How does money shape our interconnecting world?

 

Mastery:

Year 10: AQA Exam board

Urban Issues and Sustainable cities: How does city life affect the way we live? Why do cities grow?

Coasts: How are the different features of our coasts developed?

Economic World: How do economic changes impact the UK and the world?

World Development: How do regions at different stages of DMT shape our world?

Rivers: What are the specific processes that create our river from the source to the mouth? How are the different features within these created?

Fieldwork-Human ( Docklands) and Physical ( Colne River)

Year 11:

The Living World: How do we conserve our environment? How does

The Challenges of natural hazards

Resource management: water, food and energy: Why are the resources we use affect our world and how can we reduce the future consequences?

 

Wider Community

In order to encourage students to be inspired by our subject and perhaps follow a career path using their geographical skills; we have guest geographers, travel experience sharing by staff, Geography week and careers. Careers and training is embed into our curriculum plan and offer students opportunities to take part in geographical competition within the school and outside the school context such as with the RGS and Royal Urban planning. We also run extracurricular clubs such a Geo-club for underachievers and a Eco-Club to develop sustainable practices with students.

Creating Pathways

There are a huge amount of different career paths for geographers. According to the UK’s Higher Education Statistics Agency (Hesa), geography graduates are among the least likely to be unemployed. More than 90 per cent are in work or further study within six months of graduating. They are seen as employable due to their combination of transferrable skills including problem-solving and critical thinking.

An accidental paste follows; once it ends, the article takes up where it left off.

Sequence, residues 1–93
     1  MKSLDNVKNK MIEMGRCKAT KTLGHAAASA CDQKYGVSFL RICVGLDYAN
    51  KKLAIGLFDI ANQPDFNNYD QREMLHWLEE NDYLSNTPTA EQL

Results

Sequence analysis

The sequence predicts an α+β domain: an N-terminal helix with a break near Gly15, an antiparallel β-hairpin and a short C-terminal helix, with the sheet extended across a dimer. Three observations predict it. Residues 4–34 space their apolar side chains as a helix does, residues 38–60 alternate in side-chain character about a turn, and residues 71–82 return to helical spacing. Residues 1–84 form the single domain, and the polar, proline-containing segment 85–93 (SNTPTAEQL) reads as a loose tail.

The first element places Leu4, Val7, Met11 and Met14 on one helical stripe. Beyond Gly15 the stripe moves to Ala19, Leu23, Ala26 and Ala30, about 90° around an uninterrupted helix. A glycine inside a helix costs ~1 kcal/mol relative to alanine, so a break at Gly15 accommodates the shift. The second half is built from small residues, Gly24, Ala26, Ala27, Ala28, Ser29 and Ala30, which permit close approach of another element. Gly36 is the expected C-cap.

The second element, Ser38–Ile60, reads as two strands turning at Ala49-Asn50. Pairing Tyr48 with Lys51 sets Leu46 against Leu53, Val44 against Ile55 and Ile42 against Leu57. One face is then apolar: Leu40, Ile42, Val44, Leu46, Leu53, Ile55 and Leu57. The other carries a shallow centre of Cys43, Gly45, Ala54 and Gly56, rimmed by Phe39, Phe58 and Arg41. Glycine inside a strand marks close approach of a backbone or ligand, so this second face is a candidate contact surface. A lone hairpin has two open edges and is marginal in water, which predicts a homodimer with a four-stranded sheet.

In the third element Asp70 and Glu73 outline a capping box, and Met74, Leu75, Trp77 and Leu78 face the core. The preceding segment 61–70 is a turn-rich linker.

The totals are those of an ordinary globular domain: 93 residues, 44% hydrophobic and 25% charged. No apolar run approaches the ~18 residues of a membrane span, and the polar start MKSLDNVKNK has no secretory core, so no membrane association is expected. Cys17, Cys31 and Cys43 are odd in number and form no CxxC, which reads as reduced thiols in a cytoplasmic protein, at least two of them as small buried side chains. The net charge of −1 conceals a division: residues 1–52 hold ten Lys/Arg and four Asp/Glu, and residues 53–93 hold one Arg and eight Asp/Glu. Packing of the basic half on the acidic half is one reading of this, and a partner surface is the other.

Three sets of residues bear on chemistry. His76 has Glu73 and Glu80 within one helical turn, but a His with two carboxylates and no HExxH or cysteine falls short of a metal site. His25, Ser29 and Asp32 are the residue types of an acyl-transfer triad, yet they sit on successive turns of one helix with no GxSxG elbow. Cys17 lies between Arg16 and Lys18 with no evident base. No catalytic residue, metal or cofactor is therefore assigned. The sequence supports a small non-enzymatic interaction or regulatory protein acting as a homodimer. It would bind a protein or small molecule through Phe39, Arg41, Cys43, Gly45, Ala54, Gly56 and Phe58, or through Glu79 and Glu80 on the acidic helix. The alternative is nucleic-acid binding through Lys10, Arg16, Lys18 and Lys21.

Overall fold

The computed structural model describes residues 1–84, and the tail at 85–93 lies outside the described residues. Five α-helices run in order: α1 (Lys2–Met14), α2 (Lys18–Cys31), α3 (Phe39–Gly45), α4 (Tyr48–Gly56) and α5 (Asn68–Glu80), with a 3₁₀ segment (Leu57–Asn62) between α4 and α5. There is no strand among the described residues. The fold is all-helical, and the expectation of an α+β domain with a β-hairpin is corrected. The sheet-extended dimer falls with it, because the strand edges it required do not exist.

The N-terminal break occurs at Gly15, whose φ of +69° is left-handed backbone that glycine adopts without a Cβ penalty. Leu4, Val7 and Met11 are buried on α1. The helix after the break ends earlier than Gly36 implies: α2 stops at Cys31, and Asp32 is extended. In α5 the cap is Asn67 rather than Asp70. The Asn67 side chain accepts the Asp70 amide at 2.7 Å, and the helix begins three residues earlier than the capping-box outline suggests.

Statistics from the destinations of leavers from Higher Education survey show that recent geography graduates are taking up graduate roles that may appear more loosely related to the subject. Nearly one-fifth find work in business, finance and human resources, and more than 10 per cent go into marketing, public relations and sales.

Slightly more are employed in clerical work, while the 10 per cent that go into education, engineering and building fields is expected to increase over time.

Some graduates go on to work as town planners, cartographers, surveyors, environmental consultants and campaigners, travel agents, emergency planners, landscape architects and meteorologists.

Many graduates find third-sector work for non-governmental organisations, such as the many specialising in development, poverty and climate change, while others pursue careers in journalism, local government, the Civil Service and utility companies.

Famous people who studied geography 

David Attenborough and the Duke of Cambridge are just two famous figures who have studied geography. Others include Immanuel Kant, the philosopher; Alexander von Humboldt, the naturalist and explorer; Hugh Dennis, the comedian; and television presenter Chris Tarrant.

Top athletes have also graduated in the subject, including Michael Jordan (the  basketball player); Olympic gold medal-winning rowers, Sir Matthew Pinsent and James Cracknell; and former England rugby player, Rob Andrew. Anita Roddick, the founder of the Body Shop, and David Harvey, the geographer and anthropologist, also hold degrees in the subject.